A photograph of the Hope Diamond. It is in a display case. The diamond itself is mounted as a pendant and surrounded by other diamonds on a necklace.

Source: HopeDiamond (1), Jyothis, Wikimedia

A photograph of Crime Scene tape that warns pedestrians that the area is a crime scene and that they should not cross the designated area.

Source: CRIME SCENE DO NOT CROSS, voteprime, Flickr

Donations were made in the sum of $50,000. (Donations and the amount given are important for this sentence; we will assume there were many givers or that they were anonymous.)

The body was moved after the victim was killed. (The fact that the body was moved is important here; we may not know who moved it.)

Despite these exceptions, you should use the active voice most of the time because it’s clearer and more direct. Another compelling reason to write in active voice is that it’s more concise. You can say more with fewer words. The following activity demonstrates that economy.

take notes icon Use your notes to rewrite each sentence into the active voice. Create a version of the sentence that uses fewer words to say the same thing. The number of words in each sentence has been listed for you. After you rewrite the sentence, count how many words you used. When you are finished, check your understanding to see possible responses.

  1. The note was dropped by the singer. (7)
  2. A vocal mentor was chosen by the contestant. (8)
  3. My homework has been eaten by the dog. (8)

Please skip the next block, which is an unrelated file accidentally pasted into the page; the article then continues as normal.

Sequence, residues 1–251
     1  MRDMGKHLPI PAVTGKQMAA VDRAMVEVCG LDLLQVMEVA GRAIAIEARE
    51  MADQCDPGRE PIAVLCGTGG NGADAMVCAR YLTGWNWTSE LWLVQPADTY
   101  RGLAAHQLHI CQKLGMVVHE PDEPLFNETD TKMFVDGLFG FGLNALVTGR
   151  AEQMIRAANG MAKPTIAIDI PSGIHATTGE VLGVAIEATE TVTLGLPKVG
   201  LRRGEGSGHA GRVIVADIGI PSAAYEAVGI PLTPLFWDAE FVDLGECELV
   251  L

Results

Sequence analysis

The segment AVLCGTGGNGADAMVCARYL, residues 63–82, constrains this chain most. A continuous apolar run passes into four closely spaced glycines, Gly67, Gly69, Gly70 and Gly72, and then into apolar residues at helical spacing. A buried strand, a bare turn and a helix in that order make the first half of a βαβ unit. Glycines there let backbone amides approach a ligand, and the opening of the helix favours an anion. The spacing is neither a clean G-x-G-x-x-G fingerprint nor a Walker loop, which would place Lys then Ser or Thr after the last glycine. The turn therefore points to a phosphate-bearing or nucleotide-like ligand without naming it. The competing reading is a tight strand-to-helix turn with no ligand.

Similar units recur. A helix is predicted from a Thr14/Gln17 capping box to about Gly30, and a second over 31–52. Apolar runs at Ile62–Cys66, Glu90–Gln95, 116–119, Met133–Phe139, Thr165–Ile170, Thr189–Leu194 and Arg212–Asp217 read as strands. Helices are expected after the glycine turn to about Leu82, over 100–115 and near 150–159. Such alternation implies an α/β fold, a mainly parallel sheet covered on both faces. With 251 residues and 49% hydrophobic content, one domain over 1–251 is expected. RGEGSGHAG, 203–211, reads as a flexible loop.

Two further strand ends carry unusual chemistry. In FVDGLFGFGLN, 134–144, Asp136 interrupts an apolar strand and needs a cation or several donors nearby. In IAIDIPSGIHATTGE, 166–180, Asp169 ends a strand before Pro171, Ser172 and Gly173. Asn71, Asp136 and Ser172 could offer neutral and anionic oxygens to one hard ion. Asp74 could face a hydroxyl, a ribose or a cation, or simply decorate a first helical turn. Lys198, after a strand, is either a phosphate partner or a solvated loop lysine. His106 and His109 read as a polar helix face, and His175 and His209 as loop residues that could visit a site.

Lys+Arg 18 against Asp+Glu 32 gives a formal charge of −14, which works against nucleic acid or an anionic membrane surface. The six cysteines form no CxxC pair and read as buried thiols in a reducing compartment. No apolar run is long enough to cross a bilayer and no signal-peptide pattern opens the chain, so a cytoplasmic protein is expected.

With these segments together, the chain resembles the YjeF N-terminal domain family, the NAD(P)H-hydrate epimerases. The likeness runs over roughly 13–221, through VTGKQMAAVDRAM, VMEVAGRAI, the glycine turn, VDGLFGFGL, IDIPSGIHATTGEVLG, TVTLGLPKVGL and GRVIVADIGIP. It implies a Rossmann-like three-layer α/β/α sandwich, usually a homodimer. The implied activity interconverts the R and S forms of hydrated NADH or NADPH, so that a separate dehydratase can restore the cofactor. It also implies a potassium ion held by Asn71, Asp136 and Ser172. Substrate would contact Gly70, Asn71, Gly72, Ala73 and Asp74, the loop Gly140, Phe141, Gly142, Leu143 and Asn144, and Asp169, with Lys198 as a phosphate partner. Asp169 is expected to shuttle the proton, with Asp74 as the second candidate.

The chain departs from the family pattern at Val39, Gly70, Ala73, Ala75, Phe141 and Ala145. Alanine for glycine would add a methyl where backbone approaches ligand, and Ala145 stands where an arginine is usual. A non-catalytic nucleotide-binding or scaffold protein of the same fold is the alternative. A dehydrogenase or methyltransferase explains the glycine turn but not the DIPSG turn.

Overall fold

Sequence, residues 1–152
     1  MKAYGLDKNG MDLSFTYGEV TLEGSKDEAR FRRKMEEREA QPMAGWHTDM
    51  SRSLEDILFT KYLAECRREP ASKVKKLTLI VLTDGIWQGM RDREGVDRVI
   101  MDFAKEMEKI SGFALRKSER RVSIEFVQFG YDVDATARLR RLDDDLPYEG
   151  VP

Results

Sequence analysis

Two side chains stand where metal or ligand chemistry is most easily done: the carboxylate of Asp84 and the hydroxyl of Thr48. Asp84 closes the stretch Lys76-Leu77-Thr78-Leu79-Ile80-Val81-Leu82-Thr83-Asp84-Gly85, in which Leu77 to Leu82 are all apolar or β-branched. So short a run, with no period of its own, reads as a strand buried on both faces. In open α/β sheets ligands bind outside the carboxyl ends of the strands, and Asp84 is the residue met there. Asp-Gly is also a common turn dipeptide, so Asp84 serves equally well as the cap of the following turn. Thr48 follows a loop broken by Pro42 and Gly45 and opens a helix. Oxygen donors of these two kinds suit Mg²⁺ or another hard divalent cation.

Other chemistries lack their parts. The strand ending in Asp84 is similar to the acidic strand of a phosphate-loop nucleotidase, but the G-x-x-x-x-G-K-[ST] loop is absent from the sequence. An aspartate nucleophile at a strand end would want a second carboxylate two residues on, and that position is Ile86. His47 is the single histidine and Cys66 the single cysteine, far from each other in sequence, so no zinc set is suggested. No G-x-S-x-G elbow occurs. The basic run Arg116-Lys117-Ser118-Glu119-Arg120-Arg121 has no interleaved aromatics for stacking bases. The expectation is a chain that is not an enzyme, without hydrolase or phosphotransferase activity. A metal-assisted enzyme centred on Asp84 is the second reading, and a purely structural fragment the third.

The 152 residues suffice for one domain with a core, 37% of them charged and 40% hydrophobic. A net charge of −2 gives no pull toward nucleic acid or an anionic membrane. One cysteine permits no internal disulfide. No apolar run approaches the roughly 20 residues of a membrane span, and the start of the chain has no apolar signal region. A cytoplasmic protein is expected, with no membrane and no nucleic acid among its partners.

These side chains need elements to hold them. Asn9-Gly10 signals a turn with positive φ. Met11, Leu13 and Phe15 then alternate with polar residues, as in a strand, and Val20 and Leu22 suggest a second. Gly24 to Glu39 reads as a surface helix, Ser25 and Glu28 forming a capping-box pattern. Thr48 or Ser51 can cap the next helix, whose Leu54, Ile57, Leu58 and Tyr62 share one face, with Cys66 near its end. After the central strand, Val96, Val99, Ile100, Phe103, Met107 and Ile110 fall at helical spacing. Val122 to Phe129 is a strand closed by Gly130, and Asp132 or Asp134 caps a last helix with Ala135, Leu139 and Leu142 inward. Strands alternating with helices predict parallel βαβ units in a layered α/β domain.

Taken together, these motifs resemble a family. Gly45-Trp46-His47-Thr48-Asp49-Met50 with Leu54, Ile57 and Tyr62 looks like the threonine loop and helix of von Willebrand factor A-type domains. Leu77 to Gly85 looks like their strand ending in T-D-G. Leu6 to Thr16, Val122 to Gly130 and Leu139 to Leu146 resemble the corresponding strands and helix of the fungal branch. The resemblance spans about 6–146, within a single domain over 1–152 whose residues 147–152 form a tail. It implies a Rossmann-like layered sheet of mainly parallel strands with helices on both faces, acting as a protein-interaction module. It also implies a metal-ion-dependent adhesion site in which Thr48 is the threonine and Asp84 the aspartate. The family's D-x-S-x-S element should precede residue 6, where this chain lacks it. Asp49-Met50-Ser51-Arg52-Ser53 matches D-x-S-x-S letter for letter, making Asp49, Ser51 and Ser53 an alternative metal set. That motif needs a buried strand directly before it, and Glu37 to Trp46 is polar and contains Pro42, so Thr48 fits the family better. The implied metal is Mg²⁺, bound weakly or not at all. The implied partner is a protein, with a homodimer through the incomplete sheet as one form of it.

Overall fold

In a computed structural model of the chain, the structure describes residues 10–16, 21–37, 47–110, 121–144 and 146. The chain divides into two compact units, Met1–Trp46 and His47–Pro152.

4. It has been decided that downsizing the workforce is the only way to save the company. (16)
  5. The sightseers were picked up by the tour bus. (9)
Check Your Understanding

Sample Response:

  1. The note was dropped by the singer. (7)
    The singer dropped the note. (5)

  2. A vocal mentor was chosen by the contestant. (8)
    The contestant chose a vocal mentor. (6)

  3. My homework has been eaten by the dog. (8)
    The dog ate my homework. (5)

  4. It has been decided that downsizing the workforce is the only way to save the company. (16)
    We decided that downsizing the workforce is the only way to save the company. (14)

  5. The sightseers were picked up by the tour bus. (9)
    The bus picked up the sightseers. (6)

You don’t want to be wordy or get in the practice of withholding information from your readers by using the passive voice. If you know who did the action, say who it was. Look for timid, passive-voice sentences in your writing and rewrite them into the active voice.

If you are not clear whether a sentence you have written is in the passive voice, ask yourself whether the subject is acting or being acted upon. If an acted-upon subject shows up, try to flip the sentence around to get the actor in the right place. Also ask yourself if the sentence clearly identifies the performer of the action. If not, a passive sentence may have been written by you.